WASHINGTON — The U.S. Department of Transportation’s Federal Motor Carrier Safety Administration (FMCSA) has declared a Texas-licensed trucker to be an imminent hazard to public safety after a wreck on Feb. 3 that killed a Tennessee sheriff’s sergeant.
Christopher M. Savannah was served the federal order, which directed him to immediately cease operating any commercial motor vehicle (CMV), on Feb. 17, according to an FMCSA news release.
The FMCSA news release stated that Savannah failed to stop his rig after encountering a roadblock conducted by Sergeant Chris Jenkins of the Loudon County Sheriff’s Office.
Jenkins had activated the emergency lights in his patrol vehicle to retrieve a ladder that had fallen on to the interstate. Savannah struck two vehicles stopped ahead of the roadblock and then struck Jenkins, who had exited his patrol vehicle, according to the FMCSA.
Jenkins was killed, and the driver of another vehicle sustained injuries.
Savannah was subsequently issued multiple traffic citations and the State of Tennessee has filed criminal charges against him.
During the post-crash investigation, Savannah admitted to using marijuana the morning of the crash, and marijuana was also found inside the vehicle.
A drug influence evaluation conducted after the crash determined that Savannah was under the influence of marijuana and not able to operate a vehicle safely. Additionally, at the time of the crash, Savannah did not have a record of duty status for that date and the previous seven days as required.
Follow up investigations by FMCSA revealed Savannah previously tested positive for marijuana during a pre-employment controlled substances test on March 31, 2020. As a result, he was prohibited from operating a CMV in interstate and intrastate commerce and was designated as “prohibited” in FMCSA’s Drug and Alcohol Clearinghouse.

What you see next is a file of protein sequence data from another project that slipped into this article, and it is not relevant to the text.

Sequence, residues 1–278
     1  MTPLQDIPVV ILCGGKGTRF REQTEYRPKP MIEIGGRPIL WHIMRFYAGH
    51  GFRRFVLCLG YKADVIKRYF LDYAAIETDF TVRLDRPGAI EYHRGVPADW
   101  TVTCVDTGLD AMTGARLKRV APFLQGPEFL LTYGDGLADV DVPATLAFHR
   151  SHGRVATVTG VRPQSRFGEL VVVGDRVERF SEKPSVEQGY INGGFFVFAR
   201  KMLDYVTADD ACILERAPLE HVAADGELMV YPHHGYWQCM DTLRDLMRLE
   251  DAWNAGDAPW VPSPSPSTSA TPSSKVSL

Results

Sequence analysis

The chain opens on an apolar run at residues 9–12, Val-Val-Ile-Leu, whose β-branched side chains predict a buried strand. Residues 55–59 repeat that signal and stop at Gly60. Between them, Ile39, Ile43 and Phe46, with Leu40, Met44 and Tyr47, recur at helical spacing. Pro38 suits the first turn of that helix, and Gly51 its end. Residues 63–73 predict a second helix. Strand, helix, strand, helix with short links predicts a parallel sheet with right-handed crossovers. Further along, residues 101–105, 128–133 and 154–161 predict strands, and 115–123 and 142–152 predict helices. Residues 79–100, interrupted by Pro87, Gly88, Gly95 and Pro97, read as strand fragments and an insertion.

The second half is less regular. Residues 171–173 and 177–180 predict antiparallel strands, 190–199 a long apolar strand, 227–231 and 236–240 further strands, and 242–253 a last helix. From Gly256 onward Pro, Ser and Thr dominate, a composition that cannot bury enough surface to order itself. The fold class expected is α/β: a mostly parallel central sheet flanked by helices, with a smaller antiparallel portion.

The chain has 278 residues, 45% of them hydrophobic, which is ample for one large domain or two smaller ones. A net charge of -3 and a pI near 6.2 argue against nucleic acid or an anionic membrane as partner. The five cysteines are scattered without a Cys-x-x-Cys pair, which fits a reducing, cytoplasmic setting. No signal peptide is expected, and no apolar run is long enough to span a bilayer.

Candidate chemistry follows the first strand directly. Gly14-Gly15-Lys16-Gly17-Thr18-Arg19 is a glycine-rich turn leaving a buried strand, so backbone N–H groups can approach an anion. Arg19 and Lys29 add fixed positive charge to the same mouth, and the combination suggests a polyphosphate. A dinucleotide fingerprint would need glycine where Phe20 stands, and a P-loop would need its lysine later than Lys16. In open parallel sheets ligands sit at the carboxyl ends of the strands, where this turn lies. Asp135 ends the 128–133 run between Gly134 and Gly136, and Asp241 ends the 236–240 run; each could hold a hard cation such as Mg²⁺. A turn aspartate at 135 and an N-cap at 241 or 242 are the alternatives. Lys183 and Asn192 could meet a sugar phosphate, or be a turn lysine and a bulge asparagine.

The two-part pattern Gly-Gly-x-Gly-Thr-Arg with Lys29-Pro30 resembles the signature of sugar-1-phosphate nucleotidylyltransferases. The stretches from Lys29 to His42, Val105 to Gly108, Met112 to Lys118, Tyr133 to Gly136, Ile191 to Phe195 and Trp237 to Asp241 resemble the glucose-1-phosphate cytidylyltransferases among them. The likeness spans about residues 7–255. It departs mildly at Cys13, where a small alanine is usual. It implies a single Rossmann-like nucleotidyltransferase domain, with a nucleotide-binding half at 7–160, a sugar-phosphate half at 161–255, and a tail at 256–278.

His commercial driver’s license was also downgraded because he failed to maintain a current medical certificate as required by the FMCSA.
“Despite all these prohibitions, Savannah continued to operate a CMV in blatant disregard of federal and state regulations and the safety of the motoring public,” according to the FMCSA.
FMCSA’s imminent hazard out-of-service order states that Savannah’s “blatant and egregious violations of the Federal Motor Carrier Safety Regulations and disregard for the safety of the motoring public demonstrated by these actions substantially increases the likelihood of serious injury or death to you and/or the motoring public.”
Failing to comply with the provisions of the Federal imminent hazard order may result in civil penalties of up to $1,951 per violation. Knowing and/or willful violations may result in criminal penalties.
The Trucker News Staff produces engaging content for not only TheTrucker.com, but also The Trucker Newspaper, which has been serving the trucking industry for more than 30 years. With a focus on drivers, the Trucker News Staff aims to provide relevant, objective content pertaining to the trucking segment of the transportation industry. The Trucker News Staff is based in Little Rock, Arkansas.